Even in a game with a flat probability "curve" (such as a game using a d20) there really are a lot of variables, making it next to impossible to say with any authority whether a +1 defense or a +1 damage reduction is best.
In AGE, using 3d6, the simple 5% probability per step leading to an uniform number is replaced by a curve, meaning you'd need integrals for an exact answer. In layman's terms: if the enemy has an easy job of hitting you (or already finds it difficult) then better Defense is most certainly not worth the effort, since each point in either direction corresponds to such a small percentage.
If, say, the enemy hits you on 6+ and you upgrade your Defense, now the enemy hits you on 7+. But the reduced success rate is marginal compared to the case where the enemy starts out hitting you on a 10+. (The difference between 10+ and 11+ is significantly larger than the difference between 6+ and 7+ since 3d6 creates a bell shaped probability curve).
This means that unless the enemy lives in the in-between-extremes lands of "easily hitting" and "rarely hitting" you are better off with an armor increase (compared to a d20 game).
Since most Dragon Age foes start out with a great attack value they're always going to have an easy time hitting you, unless you max out your Dexterity.
Meaning that unless your Dexterity is stratospheric, giving you a Defense that's actually decent against the foes you expect to face, you shouldn't waste your resources adding to it. Put bluntly, a Defense of 15 is hardly better than a Defense of 12 if the foes sport attack bonuses of +9 or thereabouts.
Only if your Defense is already 20 or so is it worthwhile adding more points to it, since Defense 21 is such a significant improvement over 20 (assuming that the enemy used to have to roll 11+ and now needs to roll 12+).
Another problem with defense (compared to armor) is that those hard-to-get increases lose their worth again when you face weaker foes. If you have Defense 20 and you face a monster having a +5 attack bonus, he already needs to roll 15 on the dice, meaning he will almost always miss. Increasing your Defense further (to 21) will not meaningfully change this fact: yes, the hit chance will be further reduced, but only by a few percentage points.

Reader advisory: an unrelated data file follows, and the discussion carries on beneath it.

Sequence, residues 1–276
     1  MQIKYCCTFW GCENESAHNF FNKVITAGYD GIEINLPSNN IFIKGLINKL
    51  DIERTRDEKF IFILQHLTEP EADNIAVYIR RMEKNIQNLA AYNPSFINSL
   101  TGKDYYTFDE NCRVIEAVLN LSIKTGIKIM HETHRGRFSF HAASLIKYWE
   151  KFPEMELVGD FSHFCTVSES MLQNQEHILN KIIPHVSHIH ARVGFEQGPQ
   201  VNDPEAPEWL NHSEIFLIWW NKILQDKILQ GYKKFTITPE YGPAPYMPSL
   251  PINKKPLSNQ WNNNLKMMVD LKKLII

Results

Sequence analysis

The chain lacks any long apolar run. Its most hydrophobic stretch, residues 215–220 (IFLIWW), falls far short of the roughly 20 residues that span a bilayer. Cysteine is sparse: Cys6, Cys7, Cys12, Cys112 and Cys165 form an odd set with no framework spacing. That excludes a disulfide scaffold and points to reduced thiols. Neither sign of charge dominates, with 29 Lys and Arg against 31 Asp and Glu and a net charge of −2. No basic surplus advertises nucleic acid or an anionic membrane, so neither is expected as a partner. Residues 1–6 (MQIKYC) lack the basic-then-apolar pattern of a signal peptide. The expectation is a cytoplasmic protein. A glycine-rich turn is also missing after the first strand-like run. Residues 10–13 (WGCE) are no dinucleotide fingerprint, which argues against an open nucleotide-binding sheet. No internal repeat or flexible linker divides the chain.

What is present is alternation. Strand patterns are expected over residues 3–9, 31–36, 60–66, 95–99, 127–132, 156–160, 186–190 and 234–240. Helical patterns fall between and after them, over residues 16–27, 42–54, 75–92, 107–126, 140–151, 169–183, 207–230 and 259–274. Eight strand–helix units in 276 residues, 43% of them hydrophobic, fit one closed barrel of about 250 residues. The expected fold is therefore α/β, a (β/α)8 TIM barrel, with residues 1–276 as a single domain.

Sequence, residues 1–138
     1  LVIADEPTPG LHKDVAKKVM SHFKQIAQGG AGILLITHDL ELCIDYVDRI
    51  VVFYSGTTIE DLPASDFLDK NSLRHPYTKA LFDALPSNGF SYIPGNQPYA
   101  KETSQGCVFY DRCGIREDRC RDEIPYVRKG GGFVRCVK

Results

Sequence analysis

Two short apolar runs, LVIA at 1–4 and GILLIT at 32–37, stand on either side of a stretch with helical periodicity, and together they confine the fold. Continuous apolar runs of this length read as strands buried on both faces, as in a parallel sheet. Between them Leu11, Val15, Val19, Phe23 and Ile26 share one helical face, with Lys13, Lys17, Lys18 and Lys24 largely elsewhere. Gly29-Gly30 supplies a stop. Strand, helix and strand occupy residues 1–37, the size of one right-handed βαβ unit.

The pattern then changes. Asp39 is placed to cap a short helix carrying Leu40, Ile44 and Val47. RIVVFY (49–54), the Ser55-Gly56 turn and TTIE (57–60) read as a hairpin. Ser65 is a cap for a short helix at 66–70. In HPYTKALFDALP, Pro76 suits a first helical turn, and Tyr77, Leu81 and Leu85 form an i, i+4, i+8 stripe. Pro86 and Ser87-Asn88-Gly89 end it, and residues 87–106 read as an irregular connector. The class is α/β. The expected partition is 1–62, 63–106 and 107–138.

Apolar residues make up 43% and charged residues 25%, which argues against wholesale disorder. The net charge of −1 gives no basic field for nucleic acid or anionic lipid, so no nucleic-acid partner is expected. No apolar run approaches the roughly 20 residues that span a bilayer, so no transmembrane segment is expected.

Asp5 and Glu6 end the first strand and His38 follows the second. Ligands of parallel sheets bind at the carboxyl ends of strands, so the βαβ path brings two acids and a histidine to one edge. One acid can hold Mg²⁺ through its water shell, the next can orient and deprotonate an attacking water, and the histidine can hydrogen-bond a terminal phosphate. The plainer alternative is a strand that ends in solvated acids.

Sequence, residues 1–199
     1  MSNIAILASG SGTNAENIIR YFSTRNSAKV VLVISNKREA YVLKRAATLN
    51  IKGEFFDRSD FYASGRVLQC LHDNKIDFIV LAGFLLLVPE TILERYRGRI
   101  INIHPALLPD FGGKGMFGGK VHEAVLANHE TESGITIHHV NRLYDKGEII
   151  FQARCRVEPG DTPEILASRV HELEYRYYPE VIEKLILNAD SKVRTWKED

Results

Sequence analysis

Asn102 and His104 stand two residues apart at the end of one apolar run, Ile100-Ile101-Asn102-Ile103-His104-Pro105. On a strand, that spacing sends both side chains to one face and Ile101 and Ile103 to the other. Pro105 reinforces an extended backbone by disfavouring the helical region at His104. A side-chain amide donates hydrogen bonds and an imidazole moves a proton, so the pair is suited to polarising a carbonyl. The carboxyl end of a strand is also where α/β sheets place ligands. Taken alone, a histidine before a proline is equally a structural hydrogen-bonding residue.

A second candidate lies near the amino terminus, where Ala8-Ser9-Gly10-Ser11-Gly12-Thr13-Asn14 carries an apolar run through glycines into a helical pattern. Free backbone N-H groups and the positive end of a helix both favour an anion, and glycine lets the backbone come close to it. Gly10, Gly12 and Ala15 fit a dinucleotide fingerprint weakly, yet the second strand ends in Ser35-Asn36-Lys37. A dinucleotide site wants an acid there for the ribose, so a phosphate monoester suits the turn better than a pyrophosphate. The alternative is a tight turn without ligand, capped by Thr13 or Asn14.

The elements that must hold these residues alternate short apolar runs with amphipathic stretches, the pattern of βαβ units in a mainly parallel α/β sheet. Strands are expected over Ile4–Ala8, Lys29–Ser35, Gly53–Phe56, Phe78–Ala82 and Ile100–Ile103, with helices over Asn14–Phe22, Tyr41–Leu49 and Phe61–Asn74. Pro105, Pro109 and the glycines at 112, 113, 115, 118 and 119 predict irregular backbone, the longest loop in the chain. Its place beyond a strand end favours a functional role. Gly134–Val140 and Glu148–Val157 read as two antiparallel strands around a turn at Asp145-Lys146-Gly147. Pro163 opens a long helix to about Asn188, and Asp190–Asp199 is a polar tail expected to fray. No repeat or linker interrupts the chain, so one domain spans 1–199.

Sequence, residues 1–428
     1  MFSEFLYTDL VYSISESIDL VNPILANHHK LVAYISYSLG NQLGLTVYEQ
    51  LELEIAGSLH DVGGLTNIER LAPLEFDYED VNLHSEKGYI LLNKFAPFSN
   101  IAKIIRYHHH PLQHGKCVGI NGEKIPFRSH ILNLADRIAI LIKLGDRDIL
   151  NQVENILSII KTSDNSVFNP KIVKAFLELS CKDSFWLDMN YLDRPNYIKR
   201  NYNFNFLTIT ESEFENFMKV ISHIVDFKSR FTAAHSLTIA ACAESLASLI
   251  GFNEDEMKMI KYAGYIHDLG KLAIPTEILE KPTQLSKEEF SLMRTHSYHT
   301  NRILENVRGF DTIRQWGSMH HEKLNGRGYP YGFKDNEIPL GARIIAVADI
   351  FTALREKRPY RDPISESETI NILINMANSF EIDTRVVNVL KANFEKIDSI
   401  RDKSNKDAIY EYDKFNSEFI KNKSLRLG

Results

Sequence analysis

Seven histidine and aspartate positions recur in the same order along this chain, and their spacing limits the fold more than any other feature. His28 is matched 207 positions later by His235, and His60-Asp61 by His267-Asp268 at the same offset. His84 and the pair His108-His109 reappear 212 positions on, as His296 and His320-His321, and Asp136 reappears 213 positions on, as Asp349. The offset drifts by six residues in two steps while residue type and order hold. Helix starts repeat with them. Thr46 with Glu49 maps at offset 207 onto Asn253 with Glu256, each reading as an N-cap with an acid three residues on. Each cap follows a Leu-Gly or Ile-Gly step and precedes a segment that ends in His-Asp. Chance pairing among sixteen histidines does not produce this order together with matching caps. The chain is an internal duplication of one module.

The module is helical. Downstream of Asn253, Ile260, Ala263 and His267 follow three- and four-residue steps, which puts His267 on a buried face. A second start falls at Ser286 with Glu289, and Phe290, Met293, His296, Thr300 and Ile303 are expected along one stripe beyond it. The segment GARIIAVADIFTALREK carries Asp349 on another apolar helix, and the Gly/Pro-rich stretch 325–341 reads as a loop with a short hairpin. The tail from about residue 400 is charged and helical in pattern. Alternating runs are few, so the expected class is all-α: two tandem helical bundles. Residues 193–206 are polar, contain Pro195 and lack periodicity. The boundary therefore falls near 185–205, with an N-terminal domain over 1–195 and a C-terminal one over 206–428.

Meaning that Defense increases is only really worthwhile in a small band of opposing attack values. But when it does shine, it shines brightly: in the best case, a one-point Defense increase lowers the attacker's hit probability by 13%, which, given an average damage of 15 points, means almost two points of damage.
Of course, increasing your armor rating by 2 points does the same job, and much more deterministically. Of course, that won't help you against penetrating damage...
In the end, I'd say it boils down to a couple of fairly generic points:
* if your games master throws a lot of weak and/or hard opponents at you (but few in-between ones), go for armor
* if your games master takes time attempting to balance encounters so that combatants need to roll 9-12 on the dice to hit, go for defense (this is not the default case, I'd say - you normally find it much more easy than this to hit or be hit)
* if your games master throws generic foes at you, whose attacks aren't "special", go for armor
* if your games master tries to outsmart your minmaxing
by adding foes with penetrating damage or "save or die" attacks (such as poison or paralyzing magic (that still needs to hit you physically) or other stuff that sidestep Health and armor), go for defense
* if all your foes use magic against you, ignore both Defense and armor, and focus on stuff like Constitution and Willpower instead
But also, what has already been said,
* if your Dexterity sucks, you are probably better off by ignoring Defense completely
* if your Dexterity rocks, you are probably better off by continously finding new ways to boost Defense further (up to a certain point, after which you should still maintain a decent armor rating)